3. 3
    derrico says:

    If only Kerry had read the full 92 page National Intelligence Estimate, which Sen. Bob Graham pushed his colleagues to read, if only Kerry had used his knowledge of foreign affairs, if only Kerry had remembered Viet Nam, if only Kerry had paid attention to what Bush/Cheney were doing, if only Kerry had seen what was obvious to Sen. Kennedy and to so many others, as well as to millions of us ordinary citizens…. he would never have voted to give anyone any authorization to invade Iraq.

    Since he apparently wasn’t paying attention to any of this, what was he paying attention to? I don’t need Mr. Shrum to come to the conclusion that Kerry was paying attention only to his standing in national polls about likely presidential candidates. Is there really any other explanation?

    All the rest — the statements, the explanations, the “apology” — is worthless.

    If you want deeper historical evidence for Kerry’s waffling on war, look at the two contradictory letters he sent to a constituent in 1991, speaking for and against the first Bush’s Iraq war. The Boston Globe published them side by side and columnist Jeff Jacoby wrote about them.

  4. 4
    Ron Chusid says:

    Kerry was fully aware of the reasons not to go to war. Kerry presented these arguments multiple times before the war. Kerry made it clear he was only giving an aughorization to invade Iraq as a last resort if we were proven to be threatened by WMD. He made a mistake in trusting Bush to use this authorization as he promised, but that is not the same as supporting going to war.

    Jeff Jacoby is hardly a reliable source. It is understandable that Kerry had reservations about going to war until all other avenues were exhausted (as he did with the current war) but also supported that war once underway.

  5. 5
    battlebob says:

    Kerry may have also had it in the back of his mind to vote for the war as a countervote against Howard Dean. Dean came out strongly against the war.
    Dems are worried about being soft on war even though they have more combat vets in Congress then Repubs. Repubs are the true chicken hawks. Except for McCain and Haegel, most sat combat out.

  6. 6
    Ron Chusid says:


    Agree that Kerry was probably considering the question of Democrats appearing soft on national security, but not specifically about Dean.

    As of October 2002, Dean was not yet a major factor and Kerry would have had no reason to vote based upon him. (Actually, I really don’t think Kerry saw Dean as a serious threat even when Dean was considered the front runner in 2004.) Plus, Dean supported Biden Lugar and gave no indication that he opposed the IWR until months later.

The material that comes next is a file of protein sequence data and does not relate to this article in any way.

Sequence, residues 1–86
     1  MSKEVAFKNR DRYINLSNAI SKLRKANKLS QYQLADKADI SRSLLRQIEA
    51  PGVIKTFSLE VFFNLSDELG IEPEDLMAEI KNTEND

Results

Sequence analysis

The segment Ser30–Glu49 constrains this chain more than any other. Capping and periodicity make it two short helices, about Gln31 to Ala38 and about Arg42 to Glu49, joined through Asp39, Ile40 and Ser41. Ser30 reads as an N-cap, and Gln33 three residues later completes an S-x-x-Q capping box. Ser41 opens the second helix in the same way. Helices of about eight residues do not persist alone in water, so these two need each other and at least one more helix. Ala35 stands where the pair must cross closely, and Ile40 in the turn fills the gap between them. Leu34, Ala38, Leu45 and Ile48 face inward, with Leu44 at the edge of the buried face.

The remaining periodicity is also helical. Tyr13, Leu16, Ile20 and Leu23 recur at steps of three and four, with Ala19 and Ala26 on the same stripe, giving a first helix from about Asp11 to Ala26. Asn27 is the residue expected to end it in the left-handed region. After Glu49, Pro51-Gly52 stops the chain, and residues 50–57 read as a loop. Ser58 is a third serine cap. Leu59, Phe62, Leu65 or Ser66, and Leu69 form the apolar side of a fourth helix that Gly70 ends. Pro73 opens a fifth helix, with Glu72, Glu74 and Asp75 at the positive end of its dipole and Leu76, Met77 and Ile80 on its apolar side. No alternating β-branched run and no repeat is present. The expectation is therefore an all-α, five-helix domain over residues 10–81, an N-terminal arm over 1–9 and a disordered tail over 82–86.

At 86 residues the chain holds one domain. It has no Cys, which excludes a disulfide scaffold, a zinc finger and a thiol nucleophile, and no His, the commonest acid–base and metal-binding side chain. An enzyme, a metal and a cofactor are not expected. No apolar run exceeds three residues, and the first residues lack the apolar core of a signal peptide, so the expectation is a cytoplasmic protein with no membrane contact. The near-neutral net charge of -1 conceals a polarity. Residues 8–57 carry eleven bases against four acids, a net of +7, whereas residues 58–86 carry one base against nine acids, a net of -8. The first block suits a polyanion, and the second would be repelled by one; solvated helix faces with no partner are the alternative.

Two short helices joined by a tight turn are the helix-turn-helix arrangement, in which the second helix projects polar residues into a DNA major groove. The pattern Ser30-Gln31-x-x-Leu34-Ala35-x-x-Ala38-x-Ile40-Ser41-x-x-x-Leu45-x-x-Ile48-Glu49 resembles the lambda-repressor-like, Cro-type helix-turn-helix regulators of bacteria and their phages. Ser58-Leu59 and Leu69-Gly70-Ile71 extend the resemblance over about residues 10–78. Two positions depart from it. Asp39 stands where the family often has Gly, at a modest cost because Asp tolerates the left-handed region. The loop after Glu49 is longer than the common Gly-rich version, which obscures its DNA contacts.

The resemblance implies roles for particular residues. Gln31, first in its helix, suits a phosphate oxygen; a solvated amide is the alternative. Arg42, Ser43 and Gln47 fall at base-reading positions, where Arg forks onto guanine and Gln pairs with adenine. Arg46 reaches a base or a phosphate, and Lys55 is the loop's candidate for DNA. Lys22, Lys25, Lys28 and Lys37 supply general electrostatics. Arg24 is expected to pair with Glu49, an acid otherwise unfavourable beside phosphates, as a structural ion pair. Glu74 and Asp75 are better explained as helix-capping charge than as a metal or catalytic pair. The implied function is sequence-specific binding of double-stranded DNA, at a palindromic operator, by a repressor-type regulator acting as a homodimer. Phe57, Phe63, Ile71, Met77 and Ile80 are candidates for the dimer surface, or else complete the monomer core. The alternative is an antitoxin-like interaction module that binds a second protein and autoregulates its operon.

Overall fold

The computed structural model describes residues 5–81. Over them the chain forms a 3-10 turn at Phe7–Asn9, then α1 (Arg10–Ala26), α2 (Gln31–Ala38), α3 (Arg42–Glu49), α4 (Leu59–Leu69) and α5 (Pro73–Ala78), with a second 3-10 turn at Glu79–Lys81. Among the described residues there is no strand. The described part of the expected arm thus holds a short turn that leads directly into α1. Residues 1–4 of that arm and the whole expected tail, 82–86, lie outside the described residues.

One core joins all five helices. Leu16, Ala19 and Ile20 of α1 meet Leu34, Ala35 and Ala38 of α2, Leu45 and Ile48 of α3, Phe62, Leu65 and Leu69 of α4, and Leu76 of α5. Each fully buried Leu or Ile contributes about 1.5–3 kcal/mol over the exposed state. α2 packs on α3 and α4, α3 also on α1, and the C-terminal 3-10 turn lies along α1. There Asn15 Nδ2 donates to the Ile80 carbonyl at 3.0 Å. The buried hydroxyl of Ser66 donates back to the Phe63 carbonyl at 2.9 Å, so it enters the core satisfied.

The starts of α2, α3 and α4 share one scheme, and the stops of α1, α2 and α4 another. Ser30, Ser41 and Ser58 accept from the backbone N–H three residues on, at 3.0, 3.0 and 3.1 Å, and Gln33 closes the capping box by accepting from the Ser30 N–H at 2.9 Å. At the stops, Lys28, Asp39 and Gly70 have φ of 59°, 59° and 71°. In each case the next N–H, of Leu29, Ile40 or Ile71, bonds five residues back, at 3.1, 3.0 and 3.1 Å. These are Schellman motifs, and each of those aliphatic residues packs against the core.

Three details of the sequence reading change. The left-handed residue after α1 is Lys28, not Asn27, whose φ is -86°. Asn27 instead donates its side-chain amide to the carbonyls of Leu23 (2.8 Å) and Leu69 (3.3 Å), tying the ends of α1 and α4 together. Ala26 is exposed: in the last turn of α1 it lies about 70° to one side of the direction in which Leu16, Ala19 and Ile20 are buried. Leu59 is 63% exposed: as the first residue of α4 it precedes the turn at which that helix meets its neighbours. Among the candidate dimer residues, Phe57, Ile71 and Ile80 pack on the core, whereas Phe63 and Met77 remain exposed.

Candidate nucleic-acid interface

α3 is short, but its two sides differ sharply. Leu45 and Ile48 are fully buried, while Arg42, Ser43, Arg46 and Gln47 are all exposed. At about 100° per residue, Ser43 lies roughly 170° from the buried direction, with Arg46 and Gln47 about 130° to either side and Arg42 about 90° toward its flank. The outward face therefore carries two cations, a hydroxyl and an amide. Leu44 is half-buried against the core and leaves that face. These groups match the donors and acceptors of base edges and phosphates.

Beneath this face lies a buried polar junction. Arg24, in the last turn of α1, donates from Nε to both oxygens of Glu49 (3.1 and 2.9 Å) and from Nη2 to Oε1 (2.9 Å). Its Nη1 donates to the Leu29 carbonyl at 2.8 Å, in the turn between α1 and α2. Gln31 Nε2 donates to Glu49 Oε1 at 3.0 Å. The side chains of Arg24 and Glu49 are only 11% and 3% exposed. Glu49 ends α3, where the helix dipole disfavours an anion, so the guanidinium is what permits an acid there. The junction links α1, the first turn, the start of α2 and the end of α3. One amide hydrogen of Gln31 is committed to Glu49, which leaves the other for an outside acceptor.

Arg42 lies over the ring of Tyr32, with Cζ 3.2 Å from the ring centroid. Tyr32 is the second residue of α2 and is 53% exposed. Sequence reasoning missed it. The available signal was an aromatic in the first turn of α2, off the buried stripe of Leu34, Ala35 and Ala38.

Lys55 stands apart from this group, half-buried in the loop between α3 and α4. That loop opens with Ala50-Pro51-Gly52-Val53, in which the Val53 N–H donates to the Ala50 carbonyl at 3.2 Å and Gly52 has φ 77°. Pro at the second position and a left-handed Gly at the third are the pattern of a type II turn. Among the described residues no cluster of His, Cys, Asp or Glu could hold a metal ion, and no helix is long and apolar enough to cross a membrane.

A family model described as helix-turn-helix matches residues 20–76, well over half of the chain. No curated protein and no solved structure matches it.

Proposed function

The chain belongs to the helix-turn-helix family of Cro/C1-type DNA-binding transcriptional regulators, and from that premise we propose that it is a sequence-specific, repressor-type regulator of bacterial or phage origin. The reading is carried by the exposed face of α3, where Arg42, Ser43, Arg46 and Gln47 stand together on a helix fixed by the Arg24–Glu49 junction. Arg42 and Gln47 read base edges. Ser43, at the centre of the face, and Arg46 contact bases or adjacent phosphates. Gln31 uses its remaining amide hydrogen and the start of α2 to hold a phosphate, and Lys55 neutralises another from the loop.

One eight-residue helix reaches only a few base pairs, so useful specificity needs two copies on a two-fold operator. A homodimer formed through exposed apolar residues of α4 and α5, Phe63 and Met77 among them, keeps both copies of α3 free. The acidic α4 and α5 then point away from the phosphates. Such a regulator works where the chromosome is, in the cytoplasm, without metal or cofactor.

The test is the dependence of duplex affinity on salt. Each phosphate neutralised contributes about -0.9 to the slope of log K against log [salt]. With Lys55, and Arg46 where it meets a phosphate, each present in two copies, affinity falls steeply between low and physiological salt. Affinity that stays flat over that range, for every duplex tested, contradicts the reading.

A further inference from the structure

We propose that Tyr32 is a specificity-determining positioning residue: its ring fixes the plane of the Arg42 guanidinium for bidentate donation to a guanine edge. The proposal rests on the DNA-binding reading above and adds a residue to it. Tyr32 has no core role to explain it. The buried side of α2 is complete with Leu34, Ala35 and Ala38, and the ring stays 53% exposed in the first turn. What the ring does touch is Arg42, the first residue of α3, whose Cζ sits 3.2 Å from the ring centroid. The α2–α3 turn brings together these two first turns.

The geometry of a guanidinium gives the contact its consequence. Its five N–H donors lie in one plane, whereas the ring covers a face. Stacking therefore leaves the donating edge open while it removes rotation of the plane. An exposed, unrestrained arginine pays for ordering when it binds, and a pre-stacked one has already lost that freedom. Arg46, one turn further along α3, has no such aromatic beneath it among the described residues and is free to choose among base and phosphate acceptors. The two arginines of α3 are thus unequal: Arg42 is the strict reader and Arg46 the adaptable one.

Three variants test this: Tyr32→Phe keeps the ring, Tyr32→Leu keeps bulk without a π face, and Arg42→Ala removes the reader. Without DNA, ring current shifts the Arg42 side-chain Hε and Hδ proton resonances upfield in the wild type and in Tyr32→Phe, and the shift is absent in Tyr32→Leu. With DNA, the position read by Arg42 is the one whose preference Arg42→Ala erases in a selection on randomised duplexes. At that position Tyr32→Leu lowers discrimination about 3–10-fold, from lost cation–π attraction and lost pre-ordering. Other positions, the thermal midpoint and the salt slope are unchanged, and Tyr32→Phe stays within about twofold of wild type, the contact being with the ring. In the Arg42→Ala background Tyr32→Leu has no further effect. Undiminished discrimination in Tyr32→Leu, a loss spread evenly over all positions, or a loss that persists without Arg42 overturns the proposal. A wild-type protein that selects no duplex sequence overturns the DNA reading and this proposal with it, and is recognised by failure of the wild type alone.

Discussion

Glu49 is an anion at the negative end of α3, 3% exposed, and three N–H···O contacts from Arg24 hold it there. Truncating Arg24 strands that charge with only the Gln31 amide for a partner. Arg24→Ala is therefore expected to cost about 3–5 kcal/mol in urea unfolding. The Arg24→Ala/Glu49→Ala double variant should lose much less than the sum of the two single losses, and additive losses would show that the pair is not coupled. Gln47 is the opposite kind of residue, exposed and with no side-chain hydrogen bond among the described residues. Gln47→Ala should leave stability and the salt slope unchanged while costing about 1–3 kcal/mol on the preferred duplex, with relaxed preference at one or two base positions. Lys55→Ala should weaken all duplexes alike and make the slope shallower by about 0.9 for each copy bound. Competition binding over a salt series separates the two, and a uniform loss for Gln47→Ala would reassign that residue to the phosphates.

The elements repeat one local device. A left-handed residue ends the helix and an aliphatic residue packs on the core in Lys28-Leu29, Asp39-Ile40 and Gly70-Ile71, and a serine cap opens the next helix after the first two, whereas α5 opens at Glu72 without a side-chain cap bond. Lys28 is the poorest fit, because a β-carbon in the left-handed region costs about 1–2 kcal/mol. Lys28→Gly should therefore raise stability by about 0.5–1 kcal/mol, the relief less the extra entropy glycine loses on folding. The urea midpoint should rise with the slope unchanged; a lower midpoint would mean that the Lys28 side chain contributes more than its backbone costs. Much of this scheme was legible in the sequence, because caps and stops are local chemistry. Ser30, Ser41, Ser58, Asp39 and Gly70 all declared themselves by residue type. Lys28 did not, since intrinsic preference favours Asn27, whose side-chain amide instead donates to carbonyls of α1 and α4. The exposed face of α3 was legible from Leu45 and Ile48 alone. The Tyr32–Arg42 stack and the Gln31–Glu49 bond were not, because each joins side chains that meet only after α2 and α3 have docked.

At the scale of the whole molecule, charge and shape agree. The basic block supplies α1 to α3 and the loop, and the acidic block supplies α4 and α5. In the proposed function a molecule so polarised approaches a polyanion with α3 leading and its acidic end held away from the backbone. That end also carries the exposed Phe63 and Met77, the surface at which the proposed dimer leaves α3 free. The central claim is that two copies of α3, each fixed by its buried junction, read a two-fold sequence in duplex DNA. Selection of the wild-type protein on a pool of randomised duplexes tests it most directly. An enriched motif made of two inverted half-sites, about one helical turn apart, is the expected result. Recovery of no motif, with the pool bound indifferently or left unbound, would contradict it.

When the campaign began in its early stages in early 2003, Kerry was originally listed, along with Dean, as an anti-war candidate. It wasn’t until later in the spring of 2003 that Dean was successful in getting people to consider the IWR vote as representing support for the war. (Dean was in the position where he realized that there was not room for two North east liberals, who has essentially the same position on the war, and who were both fiscally conservative. He realized that he had no chance if Kerry remained a front runner, and was temporarily successful in mischaracterizing Kerry as a supporter of the war.)

    Ultimately the IWR vote was a typical Rove trap of dividing the oppositin–and it worked very well. Kerry was one of the few who really understood the nature of the trap and discussed it. He has discussed how he agonized over the vote, and how the only real answers were “yes, but” and “no,but.” Of course I wish he had voted “no, but.” At least he got his “but” in with his Senate floor statement and in articles in the New York Times and Foreign Affairs.

    We saw the problem of having the Democratic candidate vote yes. They twisted that to mean it indicated support for the war, and then when Kerry tried to explain his opposition to the war they successfully labeled him a flip flopper. Unfortunately Dean’s distortion of the IWR made it easier for the Republicans to get away with this, and lots of other liberals helped the Republicans on this.

    However, there was also a downside to voting no. At the time of the vote Bush was giving speaches saying that this was not a vote to go to war. He was promising to seek a diplomatic solution, and only use the authority to go to war if we are threatened. Of course he was lying (as the Downing Street Memos verified). If a Democrat who voted no had been nominated, they would have brought up all the statements that the vote was not a vote to go to war, and characterized a no vote as being unwilling to defend the United States even if we were threatened by imminent attack by WMD.

    Rove’s trap worked really well. The only way around this would have been if the Democrats stood united in saying that this is a false choice. Once Dean made use of the IWR to go after Kerry, Rove was assured of succeeding.

1 Trackbacks

Leave a comment